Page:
Seeking support in rural Alabama, Republican presidential candidate John McCain said Monday he knows it will be difficult to win over black voters who have supported Democrats for generations.
"I am aware the African-American vote has been very small in favor of the Republican Party," McCain told reporters. "I am aware of the challenges, and I am aware of the fact that there will be many people who will not vote for me, but I'm going to be the president of all the people."
McCain delivered a speech near the Edmund Pettus Bridge, recalling the bloody beatings of civil rights marchers there in 1965 as he embarked on a weeklong tour of places that suffer from poverty and inattention.
McCain's appearance drew about 100 people, most of them white, in a town that is 70 percent black.
Part of Alabama's Black Belt — named for its soil, not the fact that two-thirds of its population is black — Selma has drawn attention from Democrats in the 2008 presidential campaign. Last year, Sens. Barack Obama and Hillary Rodham Clinton and former President Clinton visited Selma to mark the anniversary of the "Bloody Sunday" march.
'There must be no forgotten places in America'
The Arizona senator described in vivid detail the clubbing that fractured the skull of John Lewis, now a Democratic congressman from Georgia. McCain, who speaks often of courage shown by military veterans, said he never saw greater courage than Lewis and the marchers showed that day, March 7, 1965.
"There must be no forgotten places in America, whether they have been ignored for long years by the sins of indifference and injustice, or have been left behind as the world grew smaller and more economically interdependent," McCain said outside the St. James Hotel, several hundred yards away from the historic bridge.
"In America, we have always believed that if the day was a disappointment, we would win tomorrow. That's what John Lewis believed when he marched across this bridge," McCain said.
Lewis issued a statement Monday saying he was grateful to McCain for recognizing the march.
"These seminal events cut to the core of American democracy," Lewis said. "Their significance to all Americans is much bigger, much larger and much more profound than partisan politics."
McCain and Alabama Gov. Bob Riley said the economy in the region is beginning to turn around, that it remains desperately poor, which is why McCain chose it for his "It's Time for Action" tour.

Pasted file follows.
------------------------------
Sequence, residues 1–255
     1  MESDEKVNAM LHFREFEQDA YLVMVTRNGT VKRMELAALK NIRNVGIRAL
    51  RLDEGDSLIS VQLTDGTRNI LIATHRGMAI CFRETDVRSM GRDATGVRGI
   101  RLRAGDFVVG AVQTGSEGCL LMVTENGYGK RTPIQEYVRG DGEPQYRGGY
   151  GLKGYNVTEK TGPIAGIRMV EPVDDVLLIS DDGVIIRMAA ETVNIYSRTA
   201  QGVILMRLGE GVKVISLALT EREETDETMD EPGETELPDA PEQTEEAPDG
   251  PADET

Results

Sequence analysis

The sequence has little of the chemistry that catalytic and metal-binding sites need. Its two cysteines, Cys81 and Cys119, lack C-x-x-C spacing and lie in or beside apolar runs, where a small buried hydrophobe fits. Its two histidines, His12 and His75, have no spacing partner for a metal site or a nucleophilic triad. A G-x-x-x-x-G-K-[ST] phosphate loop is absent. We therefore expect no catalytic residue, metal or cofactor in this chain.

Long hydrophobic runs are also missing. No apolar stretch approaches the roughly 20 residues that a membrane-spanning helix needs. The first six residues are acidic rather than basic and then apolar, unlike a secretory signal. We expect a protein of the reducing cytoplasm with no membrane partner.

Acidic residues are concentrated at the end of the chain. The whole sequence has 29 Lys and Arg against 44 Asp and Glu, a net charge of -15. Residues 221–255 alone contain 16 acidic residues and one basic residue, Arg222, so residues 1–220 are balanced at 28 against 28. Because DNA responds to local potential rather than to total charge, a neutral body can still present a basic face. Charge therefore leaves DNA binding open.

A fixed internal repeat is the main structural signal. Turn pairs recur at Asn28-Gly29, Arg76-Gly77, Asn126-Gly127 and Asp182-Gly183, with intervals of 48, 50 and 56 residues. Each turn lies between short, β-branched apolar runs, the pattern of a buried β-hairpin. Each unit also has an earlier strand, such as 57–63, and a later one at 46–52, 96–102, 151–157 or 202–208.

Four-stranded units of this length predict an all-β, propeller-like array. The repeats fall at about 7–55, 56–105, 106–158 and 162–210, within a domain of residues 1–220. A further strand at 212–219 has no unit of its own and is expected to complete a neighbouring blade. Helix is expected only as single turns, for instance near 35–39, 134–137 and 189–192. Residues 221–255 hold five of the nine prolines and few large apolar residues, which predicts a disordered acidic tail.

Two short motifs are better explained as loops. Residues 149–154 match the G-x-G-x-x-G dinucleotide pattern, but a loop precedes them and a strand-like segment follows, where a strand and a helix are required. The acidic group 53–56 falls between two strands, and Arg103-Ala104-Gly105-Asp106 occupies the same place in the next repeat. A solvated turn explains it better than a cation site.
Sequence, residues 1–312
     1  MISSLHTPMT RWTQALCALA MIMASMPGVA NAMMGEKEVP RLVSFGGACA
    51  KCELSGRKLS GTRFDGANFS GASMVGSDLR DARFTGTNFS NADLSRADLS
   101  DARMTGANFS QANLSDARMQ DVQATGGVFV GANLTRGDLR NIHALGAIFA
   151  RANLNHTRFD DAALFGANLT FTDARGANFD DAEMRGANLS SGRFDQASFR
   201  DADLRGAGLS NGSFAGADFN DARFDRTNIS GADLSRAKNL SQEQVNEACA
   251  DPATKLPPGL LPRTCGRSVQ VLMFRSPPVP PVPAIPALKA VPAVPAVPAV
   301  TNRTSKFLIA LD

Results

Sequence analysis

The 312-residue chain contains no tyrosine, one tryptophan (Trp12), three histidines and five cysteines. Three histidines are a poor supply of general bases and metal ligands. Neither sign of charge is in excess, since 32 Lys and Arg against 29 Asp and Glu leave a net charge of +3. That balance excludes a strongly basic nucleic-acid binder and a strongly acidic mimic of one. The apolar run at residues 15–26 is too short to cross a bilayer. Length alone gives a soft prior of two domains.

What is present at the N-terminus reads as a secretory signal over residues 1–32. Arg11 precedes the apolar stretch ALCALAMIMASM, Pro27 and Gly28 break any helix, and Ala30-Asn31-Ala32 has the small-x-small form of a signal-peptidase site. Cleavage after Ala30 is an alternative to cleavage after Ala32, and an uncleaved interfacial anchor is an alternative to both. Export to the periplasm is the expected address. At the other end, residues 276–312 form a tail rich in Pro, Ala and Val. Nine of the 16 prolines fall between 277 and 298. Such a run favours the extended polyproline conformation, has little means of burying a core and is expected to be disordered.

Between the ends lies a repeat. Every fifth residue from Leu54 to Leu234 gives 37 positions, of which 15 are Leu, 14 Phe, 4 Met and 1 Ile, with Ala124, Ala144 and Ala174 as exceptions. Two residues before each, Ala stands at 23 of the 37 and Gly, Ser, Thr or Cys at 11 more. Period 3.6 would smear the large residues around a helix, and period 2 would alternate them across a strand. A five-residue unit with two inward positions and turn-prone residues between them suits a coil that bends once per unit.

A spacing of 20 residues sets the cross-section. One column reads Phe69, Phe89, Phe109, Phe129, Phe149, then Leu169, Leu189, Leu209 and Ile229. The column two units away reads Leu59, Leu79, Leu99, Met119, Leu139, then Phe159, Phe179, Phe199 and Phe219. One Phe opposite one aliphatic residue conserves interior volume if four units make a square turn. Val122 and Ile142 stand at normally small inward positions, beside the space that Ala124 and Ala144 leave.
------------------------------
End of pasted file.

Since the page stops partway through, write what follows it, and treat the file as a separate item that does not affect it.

Charges of indifference
The Republican presidential nominee-in-waiting, McCain is still trying to fend off criticism that he has been indifferent to the housing crisis and the market upheaval it spawned. Last month, he said he opposed aggressive government intervention. Since then, however, he has proposed aid for struggling homeowners, a summer holiday from federal gas taxes and other measures.
"I'm not going to tell anybody about how government can make their choices for them, but how we can help grow our economy so that people have better choices to make for themselves," he said.
From Selma, McCain went to the remote Alabama town of Gee's Bend, visiting a quilt-making collective run by generations of black women known for their intricate and bold designs. He bought three of the larger quilts, which carried price tags of up to $2,500.
They greeted him with choruses of "Do Lord" and other gospel hymns, holding his hands and hugging him, and they rode with him across the Alabama River to Camden on a ferry that began service in 2006, 44 years after county leaders shut down the ferry to keep black residents from crossing to the county seat to push for civil rights.
McCain left them briefly to climb into the captain's chair and guide the ferry along the river.
"I thank the Lord for McCain coming here," said quilter Mary Lee Bendolph. But she symbolized the challenge facing McCain: Bendolph admitted she likes Obama best.
"He come to me just like Martin Luther King," Bendolph said, "not just for one race, but all the races."